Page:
kein mitleid
Post Count: 592
Did you go on public assistance after you gave birth?

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24 Mar 2009, 19:51
Post Count: 260
Me? I was on WIC for a few months at the urging of others, but I stopped going because it wasn't worth it to me. I've never had food stamps, or any other type of assistance thereafter, either. (Parents included.)

I got lucky I guess - and my boyfriend was 20 by the time I had her, working a full time job. And I worked part time until Maternity leave as well. I took on my responsibility.
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24 Mar 2009, 21:44
Post Count: 210
i just read that!
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24 Mar 2009, 17:36
Post Count: 2651
Honestly, I don't see what the fuss is about. The morning-after pill has always been available by prescription to women of any age in the UK, and over the counter to over 16s for the last 2 years or so.

It is NOT the same as an abortion pill. The morning after pill prevents ovulation or fertilization and maybe prevents implantation of a fertilized egg, but the abortion pill causes the uterus to actively expell the products of conception AFTER fertilization and implantation. So, NOT the same.

Personally I'd much prefer that a 16 or 17 year old (who I consider to not be a child, but rather inbetween childhood and adulthood... I mean in the UK at the age of 16 you can live alone, and have sex, legally, and at 17 you can drive a car... I think you should be considered responsible enough to take control of your own contraception) take the morning-after pill than later have an abortion (as they can do, again without parental consent at that age).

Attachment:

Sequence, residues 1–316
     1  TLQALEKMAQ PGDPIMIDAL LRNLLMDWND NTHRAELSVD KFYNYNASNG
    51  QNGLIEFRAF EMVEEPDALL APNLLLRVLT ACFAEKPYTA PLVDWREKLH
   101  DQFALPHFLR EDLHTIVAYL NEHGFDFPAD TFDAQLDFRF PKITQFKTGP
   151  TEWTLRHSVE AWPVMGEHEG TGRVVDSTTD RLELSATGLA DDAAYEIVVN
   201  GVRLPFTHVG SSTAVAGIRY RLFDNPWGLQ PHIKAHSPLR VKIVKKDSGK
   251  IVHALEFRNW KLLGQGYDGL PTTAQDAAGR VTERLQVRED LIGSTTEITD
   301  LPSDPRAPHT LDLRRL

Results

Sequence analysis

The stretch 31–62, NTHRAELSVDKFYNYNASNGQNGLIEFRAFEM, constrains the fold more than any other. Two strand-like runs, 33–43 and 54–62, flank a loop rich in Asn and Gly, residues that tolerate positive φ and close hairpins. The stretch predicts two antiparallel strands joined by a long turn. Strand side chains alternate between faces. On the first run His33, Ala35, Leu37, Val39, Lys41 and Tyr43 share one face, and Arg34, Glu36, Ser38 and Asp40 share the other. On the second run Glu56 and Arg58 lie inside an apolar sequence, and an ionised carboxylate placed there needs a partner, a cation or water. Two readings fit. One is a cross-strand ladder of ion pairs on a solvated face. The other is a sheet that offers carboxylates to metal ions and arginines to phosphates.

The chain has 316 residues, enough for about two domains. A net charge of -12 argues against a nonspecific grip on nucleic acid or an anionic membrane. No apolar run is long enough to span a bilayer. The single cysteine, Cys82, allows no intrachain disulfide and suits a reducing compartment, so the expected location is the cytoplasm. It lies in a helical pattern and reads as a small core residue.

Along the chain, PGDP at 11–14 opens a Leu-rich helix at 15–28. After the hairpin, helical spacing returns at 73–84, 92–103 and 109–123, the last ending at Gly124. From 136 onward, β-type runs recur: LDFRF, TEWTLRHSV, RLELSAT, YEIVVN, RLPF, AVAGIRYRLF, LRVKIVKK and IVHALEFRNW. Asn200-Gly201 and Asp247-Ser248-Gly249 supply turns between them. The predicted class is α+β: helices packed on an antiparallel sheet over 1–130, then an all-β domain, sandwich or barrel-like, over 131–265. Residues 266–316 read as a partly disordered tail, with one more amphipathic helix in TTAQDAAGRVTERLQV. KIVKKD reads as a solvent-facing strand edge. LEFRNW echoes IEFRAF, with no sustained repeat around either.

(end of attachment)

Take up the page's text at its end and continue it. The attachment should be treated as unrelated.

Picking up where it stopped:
Of course it shouldn't be used as contraception, but I think very few people use it in that way. The majority of women who take it do so because their normal contraceptive method has failed. I think 16 and 17 year olds should have the same option available to them... particularly since they are the ones who are usually least ready to have a child!
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24 Mar 2009, 17:50
Post Count: 1096
You can get married too!
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24 Mar 2009, 18:14
Post Count: 2651
I just found this story on Yahoo UK. Now THIS is the sort of thing we SHOULD be worrying about...

Girls text for morning-after pill

Schoolgirls will be able to request the morning-after pill by text message in a scheme being introduced later this year.

Any girl at the four schools in Oxford and two in Banbury will be given the opportunity to ask for emergency contraception if they have had unprotected sex, or their contraception has failed.

Child protection staff will step in if any girl aged between 11 and 13 uses the service.

The text message service will be introduced in July by Oxfordshire County Council and the Oxfordshire Primary Care Trust, which have refused to name the schools involved.